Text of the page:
Key was one of the best all arounders in the world a few years ago, and will still certainly be an all around super star next year at Alabama. She can perform a huge number of skills, all very well, and has plenty of choice. She is a powerful and clean vaulter, she may decide to keep her DTY, or to downgrade it to a one-and-a-half. On bars, she can perform a Jaeger, a Stalder Tkatchev to Pak salto and a usually stuck full-in dismount. On beam, her most solid element is perhaps a switch-leap with half turn. Acrobatics-wise, she can perform both easier elements and super difficult ones. On the ‘easier’ side, she can perform a super-clean free-walkover and a hand-free cartwheel. On the more difficult side, she can compete a BHS + BHS + back layout and a switch ring. Due to her past back problems, Alabama may decide to play safe, but what a luxury to have such a wide repertoire to choose from! Finally, on floor, Key can perform a double Arabian, as well as a double layout. One of these two difficult passes will most likely be included in her NCAA routine.
Alonza Klopfer trained at North Stars Gymnastics Academy. She competed at the J.O. National Championships in 2016 and 2017. In 2016, she won the balance beam title, and finished seventh on the uneven bars and ninth in the all around. In 2017, she finished fourth in the all around, fifth on beam and seventh on bars. In 2013, she qualified to elite, and competed as a junior at the Secret U.S. Classic, where she finished twenty-eighth in the all around and sixteenth on beam and floor.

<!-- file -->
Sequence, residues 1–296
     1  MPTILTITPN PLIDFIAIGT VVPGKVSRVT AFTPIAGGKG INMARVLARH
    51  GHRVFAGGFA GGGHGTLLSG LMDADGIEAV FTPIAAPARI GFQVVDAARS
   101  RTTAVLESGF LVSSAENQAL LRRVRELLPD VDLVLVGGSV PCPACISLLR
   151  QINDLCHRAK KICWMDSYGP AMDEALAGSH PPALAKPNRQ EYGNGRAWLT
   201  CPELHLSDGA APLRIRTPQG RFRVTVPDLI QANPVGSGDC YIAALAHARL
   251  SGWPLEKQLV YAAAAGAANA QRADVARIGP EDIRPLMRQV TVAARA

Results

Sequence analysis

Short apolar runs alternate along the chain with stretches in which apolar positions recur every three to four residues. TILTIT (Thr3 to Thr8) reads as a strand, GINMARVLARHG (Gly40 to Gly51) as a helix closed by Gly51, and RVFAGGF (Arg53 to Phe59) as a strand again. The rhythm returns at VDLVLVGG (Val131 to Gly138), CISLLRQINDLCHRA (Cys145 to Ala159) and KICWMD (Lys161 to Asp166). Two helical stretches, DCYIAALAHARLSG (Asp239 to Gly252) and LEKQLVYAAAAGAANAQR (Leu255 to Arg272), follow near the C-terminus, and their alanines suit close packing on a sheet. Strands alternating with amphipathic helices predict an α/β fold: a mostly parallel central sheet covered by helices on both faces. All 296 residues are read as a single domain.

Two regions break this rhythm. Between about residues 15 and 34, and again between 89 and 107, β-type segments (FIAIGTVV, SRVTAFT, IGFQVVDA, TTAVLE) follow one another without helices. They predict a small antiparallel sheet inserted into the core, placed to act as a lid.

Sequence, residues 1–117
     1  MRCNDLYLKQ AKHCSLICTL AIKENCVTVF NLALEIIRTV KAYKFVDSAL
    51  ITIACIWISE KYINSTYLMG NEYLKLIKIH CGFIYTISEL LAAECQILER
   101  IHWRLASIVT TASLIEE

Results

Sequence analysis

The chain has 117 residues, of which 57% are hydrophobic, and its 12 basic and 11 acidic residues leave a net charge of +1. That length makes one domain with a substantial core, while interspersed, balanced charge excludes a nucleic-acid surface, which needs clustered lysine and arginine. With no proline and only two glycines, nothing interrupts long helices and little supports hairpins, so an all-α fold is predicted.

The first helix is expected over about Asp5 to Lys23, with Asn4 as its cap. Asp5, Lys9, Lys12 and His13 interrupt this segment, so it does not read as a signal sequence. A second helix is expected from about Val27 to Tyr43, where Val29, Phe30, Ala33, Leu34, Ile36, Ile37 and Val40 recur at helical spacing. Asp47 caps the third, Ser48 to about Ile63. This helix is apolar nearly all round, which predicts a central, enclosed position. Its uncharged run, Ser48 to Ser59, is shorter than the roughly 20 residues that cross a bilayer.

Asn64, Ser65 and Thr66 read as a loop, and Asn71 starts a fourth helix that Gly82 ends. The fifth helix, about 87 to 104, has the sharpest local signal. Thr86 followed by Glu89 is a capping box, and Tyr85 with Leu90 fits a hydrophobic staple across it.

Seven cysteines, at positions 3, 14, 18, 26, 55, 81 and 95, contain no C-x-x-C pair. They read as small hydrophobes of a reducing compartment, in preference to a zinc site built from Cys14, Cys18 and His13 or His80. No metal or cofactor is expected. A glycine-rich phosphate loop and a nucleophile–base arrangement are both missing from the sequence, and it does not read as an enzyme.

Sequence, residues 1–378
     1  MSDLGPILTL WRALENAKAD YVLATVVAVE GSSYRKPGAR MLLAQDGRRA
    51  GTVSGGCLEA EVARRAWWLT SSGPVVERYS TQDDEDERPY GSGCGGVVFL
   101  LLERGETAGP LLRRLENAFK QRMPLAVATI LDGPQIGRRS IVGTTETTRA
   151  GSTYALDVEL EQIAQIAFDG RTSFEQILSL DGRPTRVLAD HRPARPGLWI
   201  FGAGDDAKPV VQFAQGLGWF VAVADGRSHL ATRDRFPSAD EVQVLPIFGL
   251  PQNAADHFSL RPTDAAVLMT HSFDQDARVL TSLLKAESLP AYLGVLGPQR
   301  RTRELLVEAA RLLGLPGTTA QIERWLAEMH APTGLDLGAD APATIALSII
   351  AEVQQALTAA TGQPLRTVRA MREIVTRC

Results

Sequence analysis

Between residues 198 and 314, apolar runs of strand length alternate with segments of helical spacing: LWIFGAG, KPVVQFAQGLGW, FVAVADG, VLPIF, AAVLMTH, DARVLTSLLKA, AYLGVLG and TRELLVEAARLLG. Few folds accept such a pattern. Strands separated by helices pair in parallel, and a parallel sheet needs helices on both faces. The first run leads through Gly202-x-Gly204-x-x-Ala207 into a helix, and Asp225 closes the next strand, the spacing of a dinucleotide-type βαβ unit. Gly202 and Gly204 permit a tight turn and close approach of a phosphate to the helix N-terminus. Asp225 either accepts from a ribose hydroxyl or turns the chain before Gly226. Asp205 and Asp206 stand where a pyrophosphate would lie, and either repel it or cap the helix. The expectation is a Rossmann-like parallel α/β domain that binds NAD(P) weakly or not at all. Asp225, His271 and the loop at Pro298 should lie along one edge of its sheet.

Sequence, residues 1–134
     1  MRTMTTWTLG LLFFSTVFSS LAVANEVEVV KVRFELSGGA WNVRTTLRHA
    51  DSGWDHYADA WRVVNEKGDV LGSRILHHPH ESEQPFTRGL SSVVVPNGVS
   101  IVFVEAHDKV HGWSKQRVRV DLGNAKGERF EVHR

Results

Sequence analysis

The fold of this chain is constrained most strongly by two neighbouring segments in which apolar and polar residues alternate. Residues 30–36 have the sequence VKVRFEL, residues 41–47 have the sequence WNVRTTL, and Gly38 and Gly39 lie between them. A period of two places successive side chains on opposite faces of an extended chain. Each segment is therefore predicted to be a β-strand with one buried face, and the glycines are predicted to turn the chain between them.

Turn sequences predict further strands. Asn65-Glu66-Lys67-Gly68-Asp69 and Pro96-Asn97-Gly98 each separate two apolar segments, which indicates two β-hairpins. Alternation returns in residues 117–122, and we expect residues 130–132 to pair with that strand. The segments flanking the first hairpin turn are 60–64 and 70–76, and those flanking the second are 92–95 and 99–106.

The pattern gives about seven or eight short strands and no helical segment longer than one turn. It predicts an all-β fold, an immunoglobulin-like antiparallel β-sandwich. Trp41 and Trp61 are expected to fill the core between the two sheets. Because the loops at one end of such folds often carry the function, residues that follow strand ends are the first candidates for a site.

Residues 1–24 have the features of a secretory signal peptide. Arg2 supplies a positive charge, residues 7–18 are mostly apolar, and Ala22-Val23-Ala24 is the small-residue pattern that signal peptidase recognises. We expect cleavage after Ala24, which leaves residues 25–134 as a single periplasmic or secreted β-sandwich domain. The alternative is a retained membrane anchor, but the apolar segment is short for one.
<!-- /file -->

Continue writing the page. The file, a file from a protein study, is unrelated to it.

Klopfer’s best apparatus is balance beam. She is a calm, poised and beautiful performer. She can effortlessly compete a number of difficult skills, including a one-and-a-half wolf turn, a free-walkover into leap jump, a switch leap into sheep jump and a very difficult dismount, a hand-free cartwheel to full twist on the side of the beam. On vault, she can perform a very clean FTY, while on bars, she performs a Jaeger and a full-in dismount. Klopfer is also a very good floor worker. She performs a double Arabian and a two-and-a-half twist, as well as a double spin with the leg held horizontally.
Peyton Ernst did her training at Texas Dreams with Kim Zmeskal, the same gym where her Bama teammates Bailie Key and Kiana Winston trained. It will be a Texas Dreams reunion!
Ernst is a former U.S. elite gymnast. She had two excellent seasons in 2013 and 2014. In 2013, she made her senior international debut at the Jesolo Trophy, where won gold with the team and was fourth in the all around. Later that year, at the Secret U.S. Classic, she won gold on balance beam, silver in the all around and on floor, and was fourth on the uneven bars. In 2014, she was the last-minute replacement of injured Simone Biles at the Pacific Rim Championships, and helped Team USA win gold.
Ernst joined the University of Florida Gators in 2015. Due to a shoulder injury, she competed only on balance beam, where her season high was an excellent 9.925. Due to persistent injuries, however, Ernst was later awarded a medical scholarship and released from Florida. She joined the University of Alabama in 2016, but was unable to compete last season, because Florida and Alabama belong to the same conference, and transfers are required to skip one season before being able to compete again. She will be back in action this year, and she will be in her junior year.
Ernst proved to be an excellent collegiate beam performer. She can compete two different routines, a hand-free one and a more traditional one. She can compete to different series: a BHS + LOSO or a more difficult free-walkover into back tuck. As an elite gymnast, she was also a very good floor worker, as she used to compete a double Arabian as an opening pass, as well as a good bar worker. If she can get her health and skills back, she could be a good asset for Alabama on at least three apparatuses.
Good luck to the new Bama gymnasts!
Related: Meet the 2018 Utah Freshman Class
Article by Talitha Ilacqua